Got dongles? Probably. Got a dock for your Mac notebook? Maybe not. Dongles are less popular than docks so why is one used more than the other?
Technology is like life. It is full of changes. Nothing improves without change and that means how we connect our devices continues to improve and that means change. The days of SCSI, Serial, Parallel, and Apple’s own ADB (Apple Desktop Bus) connectors and cables are gone, replaced by an ever growing list of replacements.
Dongles and docks are a part of life that could end soon. When? How?
John Voorhees reviewed my favorite Mac dock, the OWC Thunderbolt 3 Dock. If you hate cables and connectors then there is a good chance you don’t appreciate the benefits of a dock, but for many of us that little add-on– not exactly cheap, either– is a Godsend life saver.
I love the convenience of being able to connect everything to my MacBook Pro with a single Thunderbolt 3 cable.
That means your Mac can connect to a dozen other devices with one Thunderbolt 3 cable.
The OWC Thunderbolt 3 Dock has 14 ports, which start with the Thunderbolt 3 port that connects the dock to your Mac using a cable that comes with the device.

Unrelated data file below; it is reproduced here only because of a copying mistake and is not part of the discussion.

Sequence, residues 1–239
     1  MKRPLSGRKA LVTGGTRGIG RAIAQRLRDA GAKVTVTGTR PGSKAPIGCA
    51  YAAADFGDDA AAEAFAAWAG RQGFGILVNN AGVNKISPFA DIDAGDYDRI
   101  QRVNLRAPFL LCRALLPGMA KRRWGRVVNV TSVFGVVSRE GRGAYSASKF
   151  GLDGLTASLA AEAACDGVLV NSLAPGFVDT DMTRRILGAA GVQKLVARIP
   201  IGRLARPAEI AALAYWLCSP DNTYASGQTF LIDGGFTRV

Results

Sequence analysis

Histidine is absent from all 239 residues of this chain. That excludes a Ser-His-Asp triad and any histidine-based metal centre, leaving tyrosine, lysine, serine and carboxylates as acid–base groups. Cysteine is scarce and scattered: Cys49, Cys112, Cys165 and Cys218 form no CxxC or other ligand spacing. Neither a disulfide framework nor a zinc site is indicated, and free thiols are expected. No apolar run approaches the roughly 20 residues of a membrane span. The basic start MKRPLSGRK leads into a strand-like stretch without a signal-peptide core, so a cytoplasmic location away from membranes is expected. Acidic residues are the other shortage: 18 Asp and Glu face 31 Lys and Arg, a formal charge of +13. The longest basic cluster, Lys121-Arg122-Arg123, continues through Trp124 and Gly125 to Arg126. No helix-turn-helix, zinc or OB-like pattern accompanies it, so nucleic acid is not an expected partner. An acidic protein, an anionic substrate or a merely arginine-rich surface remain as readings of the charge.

Simply put, your Mac, once connected to the dock– and there are a number of similar docks available for both Mac and Windows PCs– can then connect to devices that need USB 3.x ports, HDMI, USB-C and Thunderbolt 3, plus microSD Card, SD Card, and even a headphone jack. There’s even an a connector for S/PDIF Out for audio.
Did I mention Ethernet?
That’s where I see where the past of dongles and docks meets the future. Dongles and docks are indicative of a genre that required wired connections. The future is about wireless connections. Most printers these days are wireless capable. Televisions are wireless. Storage devices are wireless.
Dongles and docks may stick around a few years because they cover so many technology connections, but they remain an artifact to the past; a relic.
The future is wireless connectivity. The past is dongles and docks.